Emerging Market Luxury: In Search Of Success

The emerging markets of the BRIC countries have become a hot bed of growth for the luxury sector. Consumers from Brazil, Russia, India and China currently make up around 20 percent of the world’s luxury market and it’s estimated that by 2015 this figure will rise to over 35 percent. With their burgeoning economies and the subsequent increase in affluent individuals, the appetite for luxury has grown. Even though the majority of demand is for well-known western labels, the surge in popularity for luxury has prompted emerging markets to produce their own homegrown luxury brands as well.

Why produce homegrown luxury?

  • The BRIC nations are suited to being luxury producers as they have the natural resources, unique cultural heritage and a tradition of craftsmanship.
  • A desire to create a brand that can represent their country, celebrate its national identity and challenge the global western brands.
  • Some locals would prefer to buy a brand that reflects more of a national flavour in its design and origin.
  • Homegrown luxury is often better value than expensive imported brands.

Successful emerging market brands.

The challenge for these homegrown luxury brands is how to enter the markets of established brands and gain success on the global stage. A few brands from emerging markets have so far achieved this and shown that there is a place for them among their western counterparts. Here are three examples…

Osklen (Brazil)

Brazil’s first global luxury brand was founded in 1989 by Oskar Metsavaht, initially offering winter sportswear and later expanding into ‘lifestyle’ fashion. The first store opened in Buzios, Rio de Janeiro, and since then Osklen has gone on to have 63 stores in Brazil and 10 more abroad ranging from New York to Milan, as well as exporting to over 30 countries.

Shanghai Tang (China)

Founded in 1994 by David Tang, this luxury lifestyle and clothing brand is inspired by traditional Chinese culture and given a modern twist. Its first store opened in Hong Kong and aided by the backing of the Richemont group which took full control of the company a few years later this brand has now spread to 20 cities worldwide.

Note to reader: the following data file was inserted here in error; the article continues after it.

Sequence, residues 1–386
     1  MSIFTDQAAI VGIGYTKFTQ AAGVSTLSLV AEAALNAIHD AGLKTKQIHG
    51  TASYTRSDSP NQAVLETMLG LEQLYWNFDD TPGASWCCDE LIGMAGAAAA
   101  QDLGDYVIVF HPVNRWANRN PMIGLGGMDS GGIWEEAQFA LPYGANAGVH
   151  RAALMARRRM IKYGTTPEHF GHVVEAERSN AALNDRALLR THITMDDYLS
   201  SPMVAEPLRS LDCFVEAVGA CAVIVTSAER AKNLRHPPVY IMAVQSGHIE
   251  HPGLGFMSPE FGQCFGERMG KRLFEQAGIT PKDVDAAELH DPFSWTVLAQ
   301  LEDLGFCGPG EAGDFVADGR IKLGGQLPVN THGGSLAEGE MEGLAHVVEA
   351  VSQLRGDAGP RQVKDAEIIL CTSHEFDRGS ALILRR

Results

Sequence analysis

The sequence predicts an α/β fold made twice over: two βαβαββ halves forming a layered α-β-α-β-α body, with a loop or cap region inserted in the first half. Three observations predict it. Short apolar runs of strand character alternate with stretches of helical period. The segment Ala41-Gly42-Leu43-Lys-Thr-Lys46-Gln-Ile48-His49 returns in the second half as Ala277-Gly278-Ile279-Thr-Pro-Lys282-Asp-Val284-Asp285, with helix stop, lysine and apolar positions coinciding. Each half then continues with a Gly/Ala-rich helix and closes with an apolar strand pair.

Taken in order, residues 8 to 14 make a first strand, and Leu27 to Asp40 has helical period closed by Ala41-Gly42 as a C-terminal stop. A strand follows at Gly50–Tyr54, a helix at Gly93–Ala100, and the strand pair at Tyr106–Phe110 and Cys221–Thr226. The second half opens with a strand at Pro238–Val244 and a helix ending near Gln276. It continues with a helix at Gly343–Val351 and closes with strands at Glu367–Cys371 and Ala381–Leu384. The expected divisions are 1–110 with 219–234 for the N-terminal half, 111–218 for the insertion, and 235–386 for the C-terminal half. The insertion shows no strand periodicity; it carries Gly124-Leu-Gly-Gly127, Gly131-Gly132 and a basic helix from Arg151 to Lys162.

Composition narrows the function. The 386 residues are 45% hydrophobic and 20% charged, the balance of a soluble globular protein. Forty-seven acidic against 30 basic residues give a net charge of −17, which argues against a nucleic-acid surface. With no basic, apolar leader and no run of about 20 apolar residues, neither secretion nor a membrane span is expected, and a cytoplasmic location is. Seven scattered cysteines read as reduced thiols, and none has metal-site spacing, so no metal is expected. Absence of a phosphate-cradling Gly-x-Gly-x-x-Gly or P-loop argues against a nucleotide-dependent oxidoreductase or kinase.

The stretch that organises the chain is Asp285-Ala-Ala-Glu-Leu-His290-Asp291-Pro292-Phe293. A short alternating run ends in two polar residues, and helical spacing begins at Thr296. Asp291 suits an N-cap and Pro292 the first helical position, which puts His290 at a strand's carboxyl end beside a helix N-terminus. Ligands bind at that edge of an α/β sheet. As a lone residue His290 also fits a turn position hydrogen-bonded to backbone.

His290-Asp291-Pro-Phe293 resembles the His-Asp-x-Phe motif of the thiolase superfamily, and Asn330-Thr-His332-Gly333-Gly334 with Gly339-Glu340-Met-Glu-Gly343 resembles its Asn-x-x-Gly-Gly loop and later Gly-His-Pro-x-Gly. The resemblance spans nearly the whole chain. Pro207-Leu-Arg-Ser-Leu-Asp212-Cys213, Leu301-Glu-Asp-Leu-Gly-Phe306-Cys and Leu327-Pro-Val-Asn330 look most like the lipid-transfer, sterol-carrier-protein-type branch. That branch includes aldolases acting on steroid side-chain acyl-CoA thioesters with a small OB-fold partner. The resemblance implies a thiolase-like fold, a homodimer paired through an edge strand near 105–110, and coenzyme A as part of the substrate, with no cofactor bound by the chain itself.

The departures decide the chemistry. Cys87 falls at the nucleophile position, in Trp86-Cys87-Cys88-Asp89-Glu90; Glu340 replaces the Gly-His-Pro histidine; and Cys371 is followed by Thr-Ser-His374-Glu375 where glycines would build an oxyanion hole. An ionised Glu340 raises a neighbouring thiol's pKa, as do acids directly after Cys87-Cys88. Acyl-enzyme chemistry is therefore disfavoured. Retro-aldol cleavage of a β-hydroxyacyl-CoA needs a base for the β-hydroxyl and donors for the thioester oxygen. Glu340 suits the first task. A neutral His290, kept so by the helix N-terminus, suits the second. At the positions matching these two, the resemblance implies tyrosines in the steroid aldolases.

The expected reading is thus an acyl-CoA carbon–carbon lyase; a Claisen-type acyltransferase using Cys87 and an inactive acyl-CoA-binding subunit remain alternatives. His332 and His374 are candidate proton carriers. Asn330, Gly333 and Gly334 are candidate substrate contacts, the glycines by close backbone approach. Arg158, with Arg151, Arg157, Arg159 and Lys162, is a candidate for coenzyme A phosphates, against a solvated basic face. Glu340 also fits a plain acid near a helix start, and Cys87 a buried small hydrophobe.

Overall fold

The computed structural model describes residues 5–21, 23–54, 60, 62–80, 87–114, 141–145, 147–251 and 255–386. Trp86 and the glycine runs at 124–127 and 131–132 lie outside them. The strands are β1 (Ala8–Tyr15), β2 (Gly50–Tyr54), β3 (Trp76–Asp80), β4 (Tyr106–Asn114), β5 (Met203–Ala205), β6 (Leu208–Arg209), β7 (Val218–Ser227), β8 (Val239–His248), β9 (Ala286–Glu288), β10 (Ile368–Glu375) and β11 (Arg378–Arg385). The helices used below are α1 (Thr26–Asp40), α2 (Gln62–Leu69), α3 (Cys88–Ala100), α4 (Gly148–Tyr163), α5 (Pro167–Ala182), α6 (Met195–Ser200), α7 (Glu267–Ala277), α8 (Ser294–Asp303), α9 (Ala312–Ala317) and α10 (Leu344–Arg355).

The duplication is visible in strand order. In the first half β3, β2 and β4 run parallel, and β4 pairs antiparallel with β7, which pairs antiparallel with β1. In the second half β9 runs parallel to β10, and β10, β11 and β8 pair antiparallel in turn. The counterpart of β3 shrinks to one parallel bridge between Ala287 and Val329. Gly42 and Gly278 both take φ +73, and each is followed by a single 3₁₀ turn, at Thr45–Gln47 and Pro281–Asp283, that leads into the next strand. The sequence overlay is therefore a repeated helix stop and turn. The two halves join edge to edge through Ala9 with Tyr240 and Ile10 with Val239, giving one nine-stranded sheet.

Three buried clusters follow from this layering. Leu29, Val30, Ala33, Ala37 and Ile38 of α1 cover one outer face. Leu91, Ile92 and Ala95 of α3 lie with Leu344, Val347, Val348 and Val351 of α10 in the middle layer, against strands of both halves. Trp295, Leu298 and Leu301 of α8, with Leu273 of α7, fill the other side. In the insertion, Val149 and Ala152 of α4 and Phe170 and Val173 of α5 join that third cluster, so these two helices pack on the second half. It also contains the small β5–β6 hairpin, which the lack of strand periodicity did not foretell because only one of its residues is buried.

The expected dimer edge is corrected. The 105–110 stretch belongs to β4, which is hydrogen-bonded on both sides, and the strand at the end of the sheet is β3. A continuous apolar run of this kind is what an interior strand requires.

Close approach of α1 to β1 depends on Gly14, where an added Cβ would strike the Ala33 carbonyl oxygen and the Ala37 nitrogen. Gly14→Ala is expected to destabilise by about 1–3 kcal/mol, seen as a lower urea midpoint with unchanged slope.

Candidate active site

Here are two other Chinese brands with a foothold in Europe:
Shang Xia

Hidesign (India)

This luxury leatherware brand was started off as a hobby by Dilip Kapur in 1978. Focusing on innovation, individuality and ecological values, the brand spread quickly abroad into the US, UK and Australia within 5 years. By 2000, over 90 percent of their products were being exported and the brand now has presence in more than 20 countries worldwide.
These are some more brands that have spread beyond India:
Kama Ayurveda

A benchmark for the future..

Luxury brands such as these serve as an example to others from emerging markets looking to spread abroad. With a significant proportion of the world’s luxury consumers it makes sense that the BRIC countries build their own brands to compete with the traditional ones. As the luxury sector is set to grow even more in emerging markets over the next decade and beyond, it is clear that the future of luxury lies with them and in the spread of their homegrown brands. The western consumer now looks for luxury that is bespoke, artisan and unique – qualities that the emerging markets, with their great heritage of craft, can offer.

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